African Journal of
Microbiology Research

  • Abbreviation: Afr. J. Microbiol. Res.
  • Language: English
  • ISSN: 1996-0808
  • DOI: 10.5897/AJMR
  • Start Year: 2007
  • Published Articles: 5145

Full Length Research Paper

Role of probiotics in prevention of hospital acquired pneumonia in Egyptian children admitted to Pediatric Intensive Care Unit of Mansoura University Children’s Hospital

Niveen El-Wakeel*
  • Niveen El-Wakeel*
  • Medical Microbiology and Immunology Department, Mansoura Faculty of Medicine, Mansoura University, Mansoura, Egypt.
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Angi El-Wakeel
  • Angi El-Wakeel
  • Pediatric Critical Care Unit, Pediatric department, Mansoura Faculty of Medicine, Mansoura University, Mansoura, Egypt.
  • Google Scholar
Mohamed El-Assmy
  • Mohamed El-Assmy
  • Pediatric Critical Care Unit, Pediatric department, Mansoura Faculty of Medicine, Mansoura University, Mansoura, Egypt.
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Ghada Barakat
  • Ghada Barakat
  • Pediatric Critical Care Unit, Pediatric department, Mansoura Faculty of Medicine, Mansoura University, Mansoura, Egypt.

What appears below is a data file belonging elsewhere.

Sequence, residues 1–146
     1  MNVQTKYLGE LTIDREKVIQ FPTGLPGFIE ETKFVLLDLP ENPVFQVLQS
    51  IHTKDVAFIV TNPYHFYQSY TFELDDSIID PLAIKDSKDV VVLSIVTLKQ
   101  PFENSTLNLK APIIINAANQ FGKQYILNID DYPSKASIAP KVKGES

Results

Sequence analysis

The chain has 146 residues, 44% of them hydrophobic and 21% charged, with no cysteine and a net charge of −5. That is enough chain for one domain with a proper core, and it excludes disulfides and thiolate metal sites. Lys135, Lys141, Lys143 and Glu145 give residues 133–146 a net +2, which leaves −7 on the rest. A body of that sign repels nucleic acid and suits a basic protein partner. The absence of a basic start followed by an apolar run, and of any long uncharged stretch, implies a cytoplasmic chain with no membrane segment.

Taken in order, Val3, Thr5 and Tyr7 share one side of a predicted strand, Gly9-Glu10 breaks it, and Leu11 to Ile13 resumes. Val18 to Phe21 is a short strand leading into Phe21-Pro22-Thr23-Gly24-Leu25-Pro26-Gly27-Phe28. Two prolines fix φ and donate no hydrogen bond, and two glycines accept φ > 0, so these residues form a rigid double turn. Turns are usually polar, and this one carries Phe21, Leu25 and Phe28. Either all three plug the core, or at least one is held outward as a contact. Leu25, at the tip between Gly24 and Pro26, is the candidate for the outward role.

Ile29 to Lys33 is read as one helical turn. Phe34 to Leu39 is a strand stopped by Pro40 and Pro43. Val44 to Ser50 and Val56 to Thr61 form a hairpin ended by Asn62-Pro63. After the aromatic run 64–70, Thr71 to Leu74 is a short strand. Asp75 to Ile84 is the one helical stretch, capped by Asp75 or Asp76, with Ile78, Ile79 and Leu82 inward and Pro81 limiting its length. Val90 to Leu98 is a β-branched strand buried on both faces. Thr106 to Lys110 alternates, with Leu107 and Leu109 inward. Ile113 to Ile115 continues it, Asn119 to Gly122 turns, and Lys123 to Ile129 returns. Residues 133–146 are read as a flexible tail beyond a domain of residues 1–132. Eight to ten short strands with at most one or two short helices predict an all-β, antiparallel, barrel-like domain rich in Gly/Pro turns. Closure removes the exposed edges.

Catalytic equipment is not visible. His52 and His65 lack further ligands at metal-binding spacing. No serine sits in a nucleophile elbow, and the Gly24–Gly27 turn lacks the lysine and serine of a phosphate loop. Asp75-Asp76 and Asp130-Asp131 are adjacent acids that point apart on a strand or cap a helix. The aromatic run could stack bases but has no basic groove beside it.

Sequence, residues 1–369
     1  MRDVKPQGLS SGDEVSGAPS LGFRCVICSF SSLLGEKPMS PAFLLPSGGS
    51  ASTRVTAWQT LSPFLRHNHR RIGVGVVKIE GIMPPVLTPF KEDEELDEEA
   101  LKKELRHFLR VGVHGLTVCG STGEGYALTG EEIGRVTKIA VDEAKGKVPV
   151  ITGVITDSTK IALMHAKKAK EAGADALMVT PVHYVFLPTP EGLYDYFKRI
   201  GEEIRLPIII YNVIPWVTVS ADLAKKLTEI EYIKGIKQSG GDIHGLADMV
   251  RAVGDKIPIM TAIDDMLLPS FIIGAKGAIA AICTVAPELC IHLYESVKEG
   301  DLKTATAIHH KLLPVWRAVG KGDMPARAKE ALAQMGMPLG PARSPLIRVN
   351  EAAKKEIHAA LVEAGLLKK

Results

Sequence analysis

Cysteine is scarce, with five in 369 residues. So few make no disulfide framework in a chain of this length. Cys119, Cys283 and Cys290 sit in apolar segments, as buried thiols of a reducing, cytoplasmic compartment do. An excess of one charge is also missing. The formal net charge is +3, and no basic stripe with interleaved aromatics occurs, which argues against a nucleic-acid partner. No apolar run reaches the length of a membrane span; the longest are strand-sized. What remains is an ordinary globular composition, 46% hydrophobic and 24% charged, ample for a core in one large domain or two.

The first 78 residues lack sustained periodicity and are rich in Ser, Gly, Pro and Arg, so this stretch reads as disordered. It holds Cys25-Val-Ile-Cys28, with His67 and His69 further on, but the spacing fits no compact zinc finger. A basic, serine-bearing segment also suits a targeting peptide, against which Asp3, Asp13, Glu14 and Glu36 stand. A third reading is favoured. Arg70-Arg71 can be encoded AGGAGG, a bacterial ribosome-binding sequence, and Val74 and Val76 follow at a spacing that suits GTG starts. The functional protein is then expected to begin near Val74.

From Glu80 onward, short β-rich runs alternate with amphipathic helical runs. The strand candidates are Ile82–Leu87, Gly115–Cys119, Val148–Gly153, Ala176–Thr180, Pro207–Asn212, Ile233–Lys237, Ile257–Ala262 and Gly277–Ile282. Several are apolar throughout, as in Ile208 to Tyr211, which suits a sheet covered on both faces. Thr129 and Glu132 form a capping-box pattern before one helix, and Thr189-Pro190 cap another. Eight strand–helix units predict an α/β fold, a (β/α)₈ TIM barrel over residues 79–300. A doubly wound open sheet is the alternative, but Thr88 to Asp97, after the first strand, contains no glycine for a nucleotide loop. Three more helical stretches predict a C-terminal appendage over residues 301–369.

• Google Scholar
Wafaa Soliman
  • Wafaa Soliman
  • Microbiology Department, Faculty of Pharmacy, Delta University for Science and Technology, Egypt.
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  •  Received: 13 May 2016
  •  Accepted: 25 July 2016
  •  Published: 21 August 2016

Abstract

The objective of the study is to evaluate the effect of probiotics to reduce the risk of hospital-acquired pneumonia in Pediatric Intensive Care Unit. The study is a double-blinded randomized placebo-controlled study. Patients were evenly and randomly assigned in two groups. The first group was 50 randomly selected patients who formed the placebo group, while the second group was 70 patients selected randomly to form the intervention group that received the probiotic capsules; Lactobacillus rhamnosus strain GG, once a day. The study site was Pediatric Intensive Care Unit in a university-affiliated children’s hospital. Fifteen (30%) patients in the placebo population developed hospital-acquired pneumonia. Of the 15 patients, infections in 22% were caused by Gram-negative organisms. In the intervention group, 10% developed hospital-acquired pneumonia. The causative agents were predominantly Gram-negative organisms (22% Gram-negative vs. 7% Gram-positive; P–value; 0.01). After 72 h of study, significantly higher oral and gastric colonization rates were observed in patients who were given placebo treatment, compared with those given Lactobacilli. The current study is the first to report these higher significant variations. The current study found an influence of probiotic supplementation on the rate of hospital-acquired pneumonia.

Key words: Peiatric intensive care unit, probiotics, hospital-acquired, pneumonia.